Jeremy Hunt’s recent speech setting out his principles for social care reform was welcome, not least because it dashed fears that the upcoming Green Paper might focus purely on funding and ignore other systemic problems in social care.
Of course there is need for more money – and this need is urgent – but for long-term policy there are seven other key areas that need to be tackled alongside funding reform. Jeremy Hunt touched on several, but not all, of these in his speech and the challenge for the Green Paper is now to combine them in a coherent, comprehensive plan. A tough ask but one that’s far from impossible.
Let’s take a look at those areas.
Demand management, although not mentioned by the Secretary of State, is critical. The Green Paper should recognise that while need for social care is growing, there is an opportunity to influence the size of that need and the extent to which it leads to demand for formal social care services. There are at least two critical questions the Green Paper needs to answer:
How we do best assess and minimise future need/demand for services?
How do we incentivise investment in activities that minimise future need/demand but may incur immediate cost?
Market sustainability relates to whether the current, market-based, system can meet future demand. In a sector where provision has moved overwhelmingly to independent (not-for-profit and private sector) providers, we need to understand the following:
Is this marketplace of independent sector organisations able to supply all current and future demands for care services?
And can it do that in way which is fair and affordable to purchasers, whether state bodies like councils and the NHS or private payers?
If the answer to either of these questions is `no’, what can be done to help the system work better?
Workforce raises a linked and equally fundamental issue, vividly illustrated by the high turnover and vacancy rate in the adult social care workforce. With up to 700,000 additional social care workers needed by 2030, the Green Paper needs to provide an answer to the question: how can we attract and retain the number and quality of people required to staff our future care services?
With up to 700,000 additional social care workers needed by 2030, the Green Paper needs to provide an answer to the question: how can we attract and retain the number and quality of people required to staff our future care services?
A fourth key area is quality. The Green Paper should seek to address this from the perspective of the service user and answer the question: which care models deliver the outcomes that service users most prize? There also need to be answers about the level of care quality the state will supply and, with many older people at risk of neglect or even abuse, how best to safeguard service users from harm.
Quality links closely to efficiency where the key question is: which models of care provide the best outcomes for the investment made? Identifying these and then spreading their use should be another key objective for the Green Paper. It should also consider the most effective arrangements for commissioning care services and how best to harness the potential of technology.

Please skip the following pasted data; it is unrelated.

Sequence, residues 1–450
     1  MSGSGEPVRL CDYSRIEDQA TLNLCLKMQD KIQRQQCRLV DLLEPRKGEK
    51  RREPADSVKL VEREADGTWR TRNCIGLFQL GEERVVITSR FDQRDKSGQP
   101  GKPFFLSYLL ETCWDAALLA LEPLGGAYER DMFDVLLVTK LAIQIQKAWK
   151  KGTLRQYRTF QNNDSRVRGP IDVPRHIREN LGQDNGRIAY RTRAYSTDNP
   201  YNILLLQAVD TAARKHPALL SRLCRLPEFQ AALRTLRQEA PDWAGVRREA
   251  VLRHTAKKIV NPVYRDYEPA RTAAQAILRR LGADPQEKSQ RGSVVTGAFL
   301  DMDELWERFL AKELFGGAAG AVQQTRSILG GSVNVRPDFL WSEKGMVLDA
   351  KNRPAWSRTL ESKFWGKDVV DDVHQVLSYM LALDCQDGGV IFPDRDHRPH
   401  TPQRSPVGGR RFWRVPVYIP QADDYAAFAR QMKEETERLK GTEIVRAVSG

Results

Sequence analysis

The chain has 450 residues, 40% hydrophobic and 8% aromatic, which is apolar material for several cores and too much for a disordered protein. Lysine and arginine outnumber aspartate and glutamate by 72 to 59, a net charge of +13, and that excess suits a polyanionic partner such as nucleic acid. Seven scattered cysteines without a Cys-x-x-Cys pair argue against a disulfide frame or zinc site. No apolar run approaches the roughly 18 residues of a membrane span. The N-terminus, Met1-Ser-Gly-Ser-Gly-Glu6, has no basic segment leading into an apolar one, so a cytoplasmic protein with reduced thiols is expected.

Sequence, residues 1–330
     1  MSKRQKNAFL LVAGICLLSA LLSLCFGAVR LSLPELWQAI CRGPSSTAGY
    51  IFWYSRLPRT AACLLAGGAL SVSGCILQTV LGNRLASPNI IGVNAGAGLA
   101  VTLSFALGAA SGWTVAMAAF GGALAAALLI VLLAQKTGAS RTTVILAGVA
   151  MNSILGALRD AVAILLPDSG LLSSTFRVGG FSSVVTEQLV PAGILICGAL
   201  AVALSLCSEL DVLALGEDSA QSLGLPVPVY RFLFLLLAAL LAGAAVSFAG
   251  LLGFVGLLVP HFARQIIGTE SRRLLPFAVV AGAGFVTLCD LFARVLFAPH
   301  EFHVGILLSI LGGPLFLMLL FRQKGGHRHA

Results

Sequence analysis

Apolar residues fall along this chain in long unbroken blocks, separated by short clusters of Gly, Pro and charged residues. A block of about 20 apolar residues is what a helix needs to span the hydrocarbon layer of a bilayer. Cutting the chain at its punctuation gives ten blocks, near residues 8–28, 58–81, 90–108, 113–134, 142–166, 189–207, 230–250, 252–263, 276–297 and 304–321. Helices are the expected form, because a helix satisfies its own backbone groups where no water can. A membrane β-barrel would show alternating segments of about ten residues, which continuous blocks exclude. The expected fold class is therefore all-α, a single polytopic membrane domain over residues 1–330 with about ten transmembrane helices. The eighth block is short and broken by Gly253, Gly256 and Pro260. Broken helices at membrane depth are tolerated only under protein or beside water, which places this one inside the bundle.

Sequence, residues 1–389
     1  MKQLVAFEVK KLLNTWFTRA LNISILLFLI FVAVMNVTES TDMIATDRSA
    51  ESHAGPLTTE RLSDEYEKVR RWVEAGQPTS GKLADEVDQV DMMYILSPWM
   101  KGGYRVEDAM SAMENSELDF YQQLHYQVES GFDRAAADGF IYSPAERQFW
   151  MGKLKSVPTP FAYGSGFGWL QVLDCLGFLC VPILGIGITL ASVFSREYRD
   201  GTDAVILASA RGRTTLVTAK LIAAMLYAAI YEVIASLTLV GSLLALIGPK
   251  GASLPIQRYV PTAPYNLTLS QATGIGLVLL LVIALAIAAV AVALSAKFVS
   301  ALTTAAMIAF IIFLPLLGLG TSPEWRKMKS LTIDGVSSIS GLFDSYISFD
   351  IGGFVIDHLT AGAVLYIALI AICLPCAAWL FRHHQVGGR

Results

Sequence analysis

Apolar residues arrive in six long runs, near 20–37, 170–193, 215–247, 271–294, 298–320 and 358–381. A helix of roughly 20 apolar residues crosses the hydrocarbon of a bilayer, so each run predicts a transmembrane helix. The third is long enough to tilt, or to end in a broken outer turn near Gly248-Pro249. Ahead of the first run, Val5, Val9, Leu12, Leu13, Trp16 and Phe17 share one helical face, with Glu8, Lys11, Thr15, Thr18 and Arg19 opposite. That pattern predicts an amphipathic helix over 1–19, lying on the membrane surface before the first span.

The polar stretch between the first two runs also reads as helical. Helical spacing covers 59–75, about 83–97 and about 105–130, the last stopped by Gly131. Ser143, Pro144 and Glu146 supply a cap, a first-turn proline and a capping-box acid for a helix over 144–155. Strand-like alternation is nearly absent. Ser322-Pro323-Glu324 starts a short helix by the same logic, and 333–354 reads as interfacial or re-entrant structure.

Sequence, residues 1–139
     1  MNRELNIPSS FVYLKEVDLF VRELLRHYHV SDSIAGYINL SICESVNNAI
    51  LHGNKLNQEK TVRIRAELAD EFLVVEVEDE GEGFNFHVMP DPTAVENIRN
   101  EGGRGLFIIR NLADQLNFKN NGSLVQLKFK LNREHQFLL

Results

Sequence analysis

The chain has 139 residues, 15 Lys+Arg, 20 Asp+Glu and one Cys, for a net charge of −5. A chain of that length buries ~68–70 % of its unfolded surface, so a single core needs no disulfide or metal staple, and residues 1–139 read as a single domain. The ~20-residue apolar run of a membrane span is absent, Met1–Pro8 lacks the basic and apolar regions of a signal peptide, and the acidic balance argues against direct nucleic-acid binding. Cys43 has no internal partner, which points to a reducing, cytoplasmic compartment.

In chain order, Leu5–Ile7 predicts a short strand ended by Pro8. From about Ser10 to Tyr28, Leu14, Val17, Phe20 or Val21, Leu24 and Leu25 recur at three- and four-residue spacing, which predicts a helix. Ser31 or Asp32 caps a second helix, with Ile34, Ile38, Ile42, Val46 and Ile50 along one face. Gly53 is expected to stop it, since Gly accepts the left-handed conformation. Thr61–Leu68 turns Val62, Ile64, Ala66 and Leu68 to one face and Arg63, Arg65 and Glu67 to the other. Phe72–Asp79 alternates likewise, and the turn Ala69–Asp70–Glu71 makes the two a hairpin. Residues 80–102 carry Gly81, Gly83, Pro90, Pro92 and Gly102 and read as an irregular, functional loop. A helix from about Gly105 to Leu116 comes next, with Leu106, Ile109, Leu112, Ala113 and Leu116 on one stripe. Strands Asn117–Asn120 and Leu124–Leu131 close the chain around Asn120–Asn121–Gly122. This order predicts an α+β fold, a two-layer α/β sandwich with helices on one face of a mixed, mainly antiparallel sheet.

The Green Paper can’t (and surely won’t) ignore integration: how can social care services join up effectively with other services such as health, housing and – unmentioned in the speech – the benefits system. A key issue here is Attendance Allowance, the disability benefit claimed by more than 1.4 million older people and costing more than £5.5 billion but which is run totally separate to council-funded social care.
The Green Paper also needs to set out the most effective ways of delivering public funds to social care, for example, through combining health and care budgets, locally and/or nationally. And it needs to consider how people can be supported to find the right balance between informal and formal care, and how society, including businesses, can best support them in that.
It needs to consider how people can be supported to find the right balance between informal and formal care, and how society, including businesses, can best support them in that.
The seventh key area is the one that will probably generate the headlines when the Green Paper is published – the public offer and, in particular, the Green Paper’s suggestions about the level of need and/or assets that will entitle people to state funding for their social care. A critical corollary will be, if some people have to pay for some or all their care, will there be any cap on those care costs? A related question, given that so much of the current heat surrounding social care comes from people discovering that social care is not provided free of charge, is how can public awareness be increased?
And finally, back to funding. As well as the fundamental question of how to raise the extra funding required (an admittedly huge issue), there are further questions about where that money comes from and who spends it. They include:
Are there advantages to raising taxes purely for social care (hypothecation)?
If people need to pay for some of their care themselves, does the government need to require (or perhaps ‘nudge’) them to prepare for that?
Finally, a note of realism: serious reform that addresses all these issues is likely to take longer than a single parliament and requires a staged approach that operates to clearly established short, medium and long-term milestones. The Green Paper needs to be the start of that process and not just another of the policy dead ends for which social care is sadly notorious.